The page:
Developing methods to alleviate chronic effects

Techniques for combating long-term failure of electrodes are understandably focused on disarming the foreign body response. This can most obviously be achieved by improving the biocompatibility of the electrode itself, thus reducing the tissue’s perception of the electrode as a foreign substance. As a result, much of the research towards alleviating the tissue response is focused on improved biocompatibility.

It is difficult to effectively evaluate progress towards improved electrode biocompatibility because of the variety of research in this field.

Improving biocompatibility of recording electrodes

This section loosely categorizes different approaches to improving biocompatibility seen in the literature. Descriptions of the research are limited to a brief summary of the theory and technique, not the results, which are presented in detail in the original publications. Thus far, no technique has achieved results drastic and sweeping enough to change the fact of the encapsulation response.

Biological coating

Research focusing on bioactive coatings to alleviate the tissue response is conducted primarily on silicon-based electrodes. Techniques include the following:

  • storing anti-inflammatory neuropeptide α-MSH under a layer of nitrocellulose or within a nitrocellulose matrix to be released gradually into the local tissue post-implantation;[31]
  • coating electrodes with alternating layers of polyethylimine (PEI) and laminin (LN), with the objective of the outer LN layer decreasing the tissue response by helping to disguise the electrode as native material;[32][33]
  • coating electrodes with a conductive polymer film to improve electrical characteristics, overcoming the encapsulation barrier by increasing electrode sensitivity.[34]

Protein functionalization

Another body of research dedicated to improving the biocompatibility of electrodes focuses on functionalizing the electrode surface with relevant protein sequences. Studies have demonstrated that surfaces functionalized with sequences taken from adhesive peptides will decrease cellular motility and support higher neuronal populations.[35][36] It has also been shown that peptides can be selected to specifically support neuronal growth or glial growth, and that peptides can be deposited in patterns to guide cellular outgrowth.[37][38][39] If populations of neurons can be induced to grow onto inserted electrodes, electrode failure should be minimized.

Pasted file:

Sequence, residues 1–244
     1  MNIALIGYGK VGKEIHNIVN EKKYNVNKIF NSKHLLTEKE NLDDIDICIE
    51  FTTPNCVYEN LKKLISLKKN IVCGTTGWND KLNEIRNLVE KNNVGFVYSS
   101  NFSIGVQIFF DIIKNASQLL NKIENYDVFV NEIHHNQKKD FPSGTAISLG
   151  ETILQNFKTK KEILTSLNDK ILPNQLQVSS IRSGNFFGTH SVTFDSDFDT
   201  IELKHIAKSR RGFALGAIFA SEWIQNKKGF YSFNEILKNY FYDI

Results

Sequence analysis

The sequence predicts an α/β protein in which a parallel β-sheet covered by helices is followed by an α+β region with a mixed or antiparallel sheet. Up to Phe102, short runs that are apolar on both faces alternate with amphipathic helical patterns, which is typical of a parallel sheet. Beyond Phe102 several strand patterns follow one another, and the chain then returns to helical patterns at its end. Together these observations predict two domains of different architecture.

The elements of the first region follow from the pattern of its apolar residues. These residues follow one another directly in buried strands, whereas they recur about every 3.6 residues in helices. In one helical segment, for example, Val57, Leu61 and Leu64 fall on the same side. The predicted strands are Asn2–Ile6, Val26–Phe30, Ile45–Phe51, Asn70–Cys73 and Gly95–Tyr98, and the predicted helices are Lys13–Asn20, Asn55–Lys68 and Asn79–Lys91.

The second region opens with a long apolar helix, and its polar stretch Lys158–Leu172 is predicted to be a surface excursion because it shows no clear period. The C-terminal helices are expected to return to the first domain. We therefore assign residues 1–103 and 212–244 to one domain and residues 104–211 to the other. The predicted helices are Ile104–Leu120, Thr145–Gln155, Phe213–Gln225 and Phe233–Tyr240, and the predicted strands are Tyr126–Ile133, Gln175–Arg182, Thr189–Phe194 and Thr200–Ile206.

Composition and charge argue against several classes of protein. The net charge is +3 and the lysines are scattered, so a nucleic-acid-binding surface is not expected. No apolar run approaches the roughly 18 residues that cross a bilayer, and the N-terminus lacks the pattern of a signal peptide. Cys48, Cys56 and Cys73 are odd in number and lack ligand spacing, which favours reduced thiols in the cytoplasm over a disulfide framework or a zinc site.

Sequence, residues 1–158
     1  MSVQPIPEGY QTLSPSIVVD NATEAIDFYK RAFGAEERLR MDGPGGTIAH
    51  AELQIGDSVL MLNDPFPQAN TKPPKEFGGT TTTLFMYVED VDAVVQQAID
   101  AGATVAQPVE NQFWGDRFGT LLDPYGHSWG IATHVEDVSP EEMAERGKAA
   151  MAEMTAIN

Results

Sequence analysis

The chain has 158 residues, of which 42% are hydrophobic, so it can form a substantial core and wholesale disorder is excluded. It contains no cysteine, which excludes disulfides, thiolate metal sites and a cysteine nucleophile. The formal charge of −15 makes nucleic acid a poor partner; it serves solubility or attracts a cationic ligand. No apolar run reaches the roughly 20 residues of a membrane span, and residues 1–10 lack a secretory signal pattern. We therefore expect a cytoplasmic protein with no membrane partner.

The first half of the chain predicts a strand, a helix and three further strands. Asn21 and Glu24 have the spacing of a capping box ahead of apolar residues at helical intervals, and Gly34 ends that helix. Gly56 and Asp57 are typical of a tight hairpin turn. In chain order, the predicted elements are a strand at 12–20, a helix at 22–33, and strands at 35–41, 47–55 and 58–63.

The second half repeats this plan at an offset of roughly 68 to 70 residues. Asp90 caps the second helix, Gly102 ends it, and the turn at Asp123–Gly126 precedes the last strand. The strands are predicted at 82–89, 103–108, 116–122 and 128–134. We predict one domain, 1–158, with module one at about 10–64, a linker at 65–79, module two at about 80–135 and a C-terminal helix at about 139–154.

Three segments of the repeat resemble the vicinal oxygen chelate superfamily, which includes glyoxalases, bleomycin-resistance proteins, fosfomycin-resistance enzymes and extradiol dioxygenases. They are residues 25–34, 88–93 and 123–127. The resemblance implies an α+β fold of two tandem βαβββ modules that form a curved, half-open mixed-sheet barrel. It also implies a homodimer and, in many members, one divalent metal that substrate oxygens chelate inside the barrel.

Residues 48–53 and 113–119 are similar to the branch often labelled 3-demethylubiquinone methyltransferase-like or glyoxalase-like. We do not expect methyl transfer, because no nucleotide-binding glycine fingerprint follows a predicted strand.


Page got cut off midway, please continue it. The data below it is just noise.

Electrode design

Kennedy’s research details the use of a glass cone electrode which contains a microwire built inside of it.[40] The microwire is used for recording, and the cone is filled with neurotrophic substances or neural tissue in order to promote growth of local neurons into the electrode to allow for recording. This approach overcomes tissue response by encouraging neurons to grow closer to recording surface.

Microfluid delivery

Some notable success has also been made in developing microfluid delivery mechanisms that could ostensibly deliver targeted pharmacological agents to electrode implantation sites to alleviate the tissue response.[41]

Research tools being developed

Just as in other fields, some effort is devoted explicitly to the development of standardized research tools. The goal of these tools is to provide a powerful, objective way of analyzing the failure of chronic neural electrodes in order to improve the reliability of the technology.

One such effort describes the development of an in vitro model to study the tissue response phenomenon. Midbrains are surgically removed from day 14 Fischer 344 rats and grown in culture to create a confluent layer of neurons, microglia, and astrocytes. This confluent layer can be used to study the foreign body response by scrape-injury or depositing electrode microwires on the monolayer, fixing the culture at defined time points after insertion/injury and studying tissue response with histological methods.[42]

Another research tool is a numerical model of the mechanical electrode-tissue interface. The goal of this model is not to detail the electrical or chemical characteristics of the interface, but the mechanical ones created by electrode-tissue adhesion, tethering forces, and strain mismatch. This model can be used to predict forces generated at the interface by electrodes of different material stiffnesses or geometries.[43]

For studies requiring a massive quantity of identical electrodes, a bench-top technique has been demonstrated in the literature to use a silicon shape as a master to produce multiple copies out of polymeric materials via a PDMS intermediate. This is exceptionally useful for material studies or for labs who need a high volume of electrodes but can’t afford to buy them all.[44]

See also